Lightfoot Iron and Trojan horses – doing the hard work in a forest

This post is a bit overdue but it was an important step in the recent thinning of our wood,   in the process of converting it to a mixed species, permanent forest. As we decided to remove about 30% of our 24yr trees in our woodland, this meant that from our 2.5 acres 250 trees werefelled! (we still have loads left and the felling has created geat, light filled areas for native seeds in the the ground to naturally regenerate! In our case, mostly Ash , since we have a canopy of bigger trees overhead).
The best time to fell trees is in Winter, when the sap in down and so they are much lighter and easier to handle. The logs also dry much quicker (which takes about a year) and most importanly you don’t upset the wildlife as much. However, even on a small site as ours, extracting the felled trees to an area where you can stack, dry and process the logs can be a back-breaking exercise. On small woodlands that may not have easy access, quad-bikes with winches can be used but in our case, our foresters, Chris Hayes and Allen Holman of Lightfoot Forestry for the first time in Ireland used a new system – a Swedish designed IronHorse! It’s a very original machine, mind you, the original Ironhorse wasn’t used for logs, but for moving moose! It combines a winch for lifting logs onto a small attached trailer and moves on caterpillar tracks so it doesn’t destroy the forest floor – hence the name of Chris and Allen’s positive impact forestry business. You can see Chris ‘leading the horse’ in photo.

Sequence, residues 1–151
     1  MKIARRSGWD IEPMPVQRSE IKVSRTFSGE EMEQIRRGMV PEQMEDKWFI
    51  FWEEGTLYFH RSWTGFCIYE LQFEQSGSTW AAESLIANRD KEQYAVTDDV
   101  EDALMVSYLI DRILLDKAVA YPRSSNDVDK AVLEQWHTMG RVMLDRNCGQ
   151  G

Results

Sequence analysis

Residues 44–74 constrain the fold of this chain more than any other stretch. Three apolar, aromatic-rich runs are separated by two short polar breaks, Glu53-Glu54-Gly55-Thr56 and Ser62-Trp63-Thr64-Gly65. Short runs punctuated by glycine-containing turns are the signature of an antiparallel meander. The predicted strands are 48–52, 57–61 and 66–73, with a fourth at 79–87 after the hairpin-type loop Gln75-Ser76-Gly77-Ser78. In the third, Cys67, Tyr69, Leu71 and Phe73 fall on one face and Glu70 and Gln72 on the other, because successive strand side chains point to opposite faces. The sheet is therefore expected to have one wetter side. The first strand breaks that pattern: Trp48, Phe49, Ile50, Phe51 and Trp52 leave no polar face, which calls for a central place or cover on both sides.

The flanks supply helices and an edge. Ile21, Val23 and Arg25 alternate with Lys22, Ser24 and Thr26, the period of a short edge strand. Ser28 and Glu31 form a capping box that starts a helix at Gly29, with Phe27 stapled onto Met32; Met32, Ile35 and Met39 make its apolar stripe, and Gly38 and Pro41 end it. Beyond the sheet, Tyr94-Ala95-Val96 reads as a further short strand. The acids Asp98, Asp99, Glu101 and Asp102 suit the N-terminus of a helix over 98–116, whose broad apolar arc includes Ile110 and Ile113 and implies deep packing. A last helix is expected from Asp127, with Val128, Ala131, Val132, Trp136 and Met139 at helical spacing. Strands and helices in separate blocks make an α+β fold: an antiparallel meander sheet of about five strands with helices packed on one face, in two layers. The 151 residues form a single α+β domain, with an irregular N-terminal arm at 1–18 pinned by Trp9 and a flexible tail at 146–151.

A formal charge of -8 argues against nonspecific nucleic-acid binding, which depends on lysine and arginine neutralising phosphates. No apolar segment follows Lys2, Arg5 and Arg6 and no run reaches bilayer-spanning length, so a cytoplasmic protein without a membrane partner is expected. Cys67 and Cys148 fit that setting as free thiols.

The IronHorse also runs on biofuel and packs neatly onto a trailer and get this, its a bit like a food processor (sorry Chris, only analogy I could think of) – you can attach different arms and get it to clear ditches and other useful things.
The IronHorse is really only for areas upto around 10 acres, but it offers great manuevrablity as well as been a very light machine on areas that need to be sensitively felled, especially if trees are to felled near waterways. I must also mention that a month or too back when I briefly mentioned the IronHorse, I was contacted by an enthusiastic real live horse logger/blogger! This is another option for small woodland owners and it would be great sight to see Domino at work! Here’s Tom’s words on what horse logging is all about,
‘Logging is extremely physical work but hugely satisfying, and so important to keep alive now that we’re all much more aware of our countryside and woodlands. Its the ultimate low impact means of timber extraction using the horse as the base machine and with modern equipment designed to improve daily output we’ve come on in leaps and bounds from the days of snigging one log at a time. Horse logging is also the obvious choice for small woodlands and forests where a mechanical harvester doesn’t make economic sense or the land wouldn’t suit one, or maybe the land owner would just prefer to look at a fine well trained draught horse doing a first class job with no pollution or forest floor damage, and where the only noise is the quietly spoken horseman and the jingle of chains.
horse

horse2

Coming soon: Spring is here, more news on Art & Ecology, making a ‘facebook for foresters/tree/timber growers’ website and a new ProSilva Publication! Oh and talking to Trevor Sargent and Duncan Stewart on bringing forests center stage for Ireland’s economy not to mention our climate change responsibility at last week’s National Forestry Conference (what else is a girl to do on a free Friday afternoon)

6 thoughts on “Lightfoot Iron and Trojan horses – doing the hard work in a forest

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